lamium maculatum

Lamium maculatum

19

Lamium Maculatum

Lamium maculatum, Dead Nettle, is dead easy to divide. Pieces can be separated from the main plant and set directly into the ground where you wish them to grow.

I often help them establish in areas where I wish them to grow with just little bits of the plant, and no real care is needed.

If you lift the plants and cut into sections with the dirt they are growing in, the plants are immediately happy with just being kept moist at the beginning. This makes them the quintessential easy-to-grow perennial.

Honorine Jobert Anemone

20

Anemone Japonica

Anemone japonica is a lovely addition to the late summer and early fall garden. The video shows the typical method for splitting a large size plant into smaller parts.


New Plant Secret: Super Thrive Solution

To give your new plantings an immediate boost use transplanting solution. A few drops of ‘Super Thrive’ in a bucket of water is easily poured onto the soil surrounding the new plants and helps boost fresh root growth and vigor.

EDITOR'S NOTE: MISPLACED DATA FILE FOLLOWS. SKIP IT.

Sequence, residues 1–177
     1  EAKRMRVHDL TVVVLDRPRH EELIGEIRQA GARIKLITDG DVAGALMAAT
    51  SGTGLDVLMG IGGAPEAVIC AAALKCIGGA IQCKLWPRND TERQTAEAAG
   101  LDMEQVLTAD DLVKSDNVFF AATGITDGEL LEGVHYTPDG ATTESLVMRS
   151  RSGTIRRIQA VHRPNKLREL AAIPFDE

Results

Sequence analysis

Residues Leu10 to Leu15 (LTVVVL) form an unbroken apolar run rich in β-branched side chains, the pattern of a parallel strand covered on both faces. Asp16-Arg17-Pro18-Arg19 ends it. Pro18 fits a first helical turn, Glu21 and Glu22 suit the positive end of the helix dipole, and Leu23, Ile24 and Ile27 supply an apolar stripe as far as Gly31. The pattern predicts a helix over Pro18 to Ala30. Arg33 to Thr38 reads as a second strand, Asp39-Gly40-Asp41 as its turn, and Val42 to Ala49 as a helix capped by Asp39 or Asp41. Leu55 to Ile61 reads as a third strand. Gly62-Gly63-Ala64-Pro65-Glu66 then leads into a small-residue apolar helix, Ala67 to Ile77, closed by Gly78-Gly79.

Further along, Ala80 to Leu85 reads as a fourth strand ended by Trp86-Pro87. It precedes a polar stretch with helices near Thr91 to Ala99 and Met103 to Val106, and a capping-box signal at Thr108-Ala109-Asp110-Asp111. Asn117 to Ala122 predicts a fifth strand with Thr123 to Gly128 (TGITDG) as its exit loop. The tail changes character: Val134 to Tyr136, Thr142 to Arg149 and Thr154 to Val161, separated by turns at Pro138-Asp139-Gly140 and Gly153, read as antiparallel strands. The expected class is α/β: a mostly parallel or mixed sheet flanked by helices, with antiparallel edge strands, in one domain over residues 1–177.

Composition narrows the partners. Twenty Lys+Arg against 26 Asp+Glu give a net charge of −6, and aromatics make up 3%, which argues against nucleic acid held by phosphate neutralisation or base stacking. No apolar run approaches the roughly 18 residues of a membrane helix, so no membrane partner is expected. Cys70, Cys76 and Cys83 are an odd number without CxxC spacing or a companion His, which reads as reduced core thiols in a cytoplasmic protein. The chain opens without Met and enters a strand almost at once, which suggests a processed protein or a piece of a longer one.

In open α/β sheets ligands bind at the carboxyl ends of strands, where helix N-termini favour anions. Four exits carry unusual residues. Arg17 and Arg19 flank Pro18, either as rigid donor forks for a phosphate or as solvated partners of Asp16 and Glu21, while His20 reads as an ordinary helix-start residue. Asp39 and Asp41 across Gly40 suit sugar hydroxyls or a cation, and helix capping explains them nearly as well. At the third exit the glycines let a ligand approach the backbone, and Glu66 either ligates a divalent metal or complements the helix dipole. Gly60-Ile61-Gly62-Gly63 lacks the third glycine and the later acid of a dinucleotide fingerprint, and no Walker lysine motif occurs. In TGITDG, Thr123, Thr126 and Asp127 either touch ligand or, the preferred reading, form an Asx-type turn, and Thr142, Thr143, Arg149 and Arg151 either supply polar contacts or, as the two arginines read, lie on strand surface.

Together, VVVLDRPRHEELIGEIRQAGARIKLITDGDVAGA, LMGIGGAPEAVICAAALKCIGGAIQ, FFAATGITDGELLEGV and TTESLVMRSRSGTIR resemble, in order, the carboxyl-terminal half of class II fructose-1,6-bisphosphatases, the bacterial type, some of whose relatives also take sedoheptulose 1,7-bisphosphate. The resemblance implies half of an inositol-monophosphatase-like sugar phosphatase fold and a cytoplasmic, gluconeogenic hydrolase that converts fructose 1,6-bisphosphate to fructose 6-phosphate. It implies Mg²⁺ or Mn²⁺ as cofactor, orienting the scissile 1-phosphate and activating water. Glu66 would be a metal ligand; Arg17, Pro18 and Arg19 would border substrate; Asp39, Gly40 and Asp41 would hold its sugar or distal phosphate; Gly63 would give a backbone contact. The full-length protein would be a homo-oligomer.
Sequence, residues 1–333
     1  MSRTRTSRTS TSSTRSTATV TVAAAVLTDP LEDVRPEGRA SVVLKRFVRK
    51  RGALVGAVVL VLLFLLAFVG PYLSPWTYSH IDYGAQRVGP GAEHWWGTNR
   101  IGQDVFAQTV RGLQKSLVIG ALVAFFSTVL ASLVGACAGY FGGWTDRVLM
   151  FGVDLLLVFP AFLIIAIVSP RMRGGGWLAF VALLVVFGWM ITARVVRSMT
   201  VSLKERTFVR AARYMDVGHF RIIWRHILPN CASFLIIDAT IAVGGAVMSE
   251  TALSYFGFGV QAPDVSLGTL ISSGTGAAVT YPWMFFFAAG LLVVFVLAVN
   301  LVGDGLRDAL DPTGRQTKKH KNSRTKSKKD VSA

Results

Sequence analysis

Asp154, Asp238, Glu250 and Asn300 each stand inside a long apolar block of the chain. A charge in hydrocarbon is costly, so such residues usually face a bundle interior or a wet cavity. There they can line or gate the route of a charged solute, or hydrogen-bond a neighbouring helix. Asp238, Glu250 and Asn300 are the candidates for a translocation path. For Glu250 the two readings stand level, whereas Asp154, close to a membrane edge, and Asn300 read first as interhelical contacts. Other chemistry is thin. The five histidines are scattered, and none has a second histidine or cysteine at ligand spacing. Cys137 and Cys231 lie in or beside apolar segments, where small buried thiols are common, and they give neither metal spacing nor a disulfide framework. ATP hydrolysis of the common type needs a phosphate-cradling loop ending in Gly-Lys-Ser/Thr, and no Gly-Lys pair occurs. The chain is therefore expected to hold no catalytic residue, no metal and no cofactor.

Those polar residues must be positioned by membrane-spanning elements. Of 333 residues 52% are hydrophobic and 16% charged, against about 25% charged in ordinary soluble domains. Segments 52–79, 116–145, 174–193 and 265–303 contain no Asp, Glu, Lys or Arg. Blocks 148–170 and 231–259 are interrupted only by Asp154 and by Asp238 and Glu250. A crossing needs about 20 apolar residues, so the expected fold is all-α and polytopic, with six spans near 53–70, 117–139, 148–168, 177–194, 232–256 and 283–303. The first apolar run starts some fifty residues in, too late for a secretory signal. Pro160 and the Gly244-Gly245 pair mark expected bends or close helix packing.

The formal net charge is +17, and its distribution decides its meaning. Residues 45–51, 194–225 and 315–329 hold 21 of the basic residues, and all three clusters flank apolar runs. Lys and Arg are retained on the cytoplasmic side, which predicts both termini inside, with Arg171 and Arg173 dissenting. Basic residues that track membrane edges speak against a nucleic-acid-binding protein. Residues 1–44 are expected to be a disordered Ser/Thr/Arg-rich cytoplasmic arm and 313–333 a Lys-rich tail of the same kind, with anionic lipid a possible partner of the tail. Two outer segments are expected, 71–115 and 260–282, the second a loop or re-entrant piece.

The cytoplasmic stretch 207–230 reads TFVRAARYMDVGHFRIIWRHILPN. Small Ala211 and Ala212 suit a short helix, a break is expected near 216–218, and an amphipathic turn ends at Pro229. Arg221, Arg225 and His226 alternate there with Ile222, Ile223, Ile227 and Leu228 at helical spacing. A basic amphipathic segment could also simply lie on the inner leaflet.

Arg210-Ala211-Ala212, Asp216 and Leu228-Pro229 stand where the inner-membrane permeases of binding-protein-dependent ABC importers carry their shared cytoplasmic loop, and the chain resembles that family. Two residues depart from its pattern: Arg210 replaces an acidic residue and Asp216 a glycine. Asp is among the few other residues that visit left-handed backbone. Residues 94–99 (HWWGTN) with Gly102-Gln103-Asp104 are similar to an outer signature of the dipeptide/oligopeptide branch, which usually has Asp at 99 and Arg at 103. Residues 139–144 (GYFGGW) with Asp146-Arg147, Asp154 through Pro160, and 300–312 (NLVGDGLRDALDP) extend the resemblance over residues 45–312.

A mild booster like this is not the same as using fertilizer which may burn the roots and result in loss of your plant. Buy on Amazon

Another good booster is Seaweed solution. I’ve used both this and transplant solutions and they have worked equally well for me. I think it makes a big difference in the vigor of your plants.

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Ilona Erwin, author

Meet the Author

Ilona

I started working on this website beginning in 1998, when it was part of "Ilona's Reflecting Pool". Since then I've branched out into a number of online endeavors and work at writing lots of content for my sites. The work on "Ilona's Garden" remains my primary site and is dedicated to home gardener's success.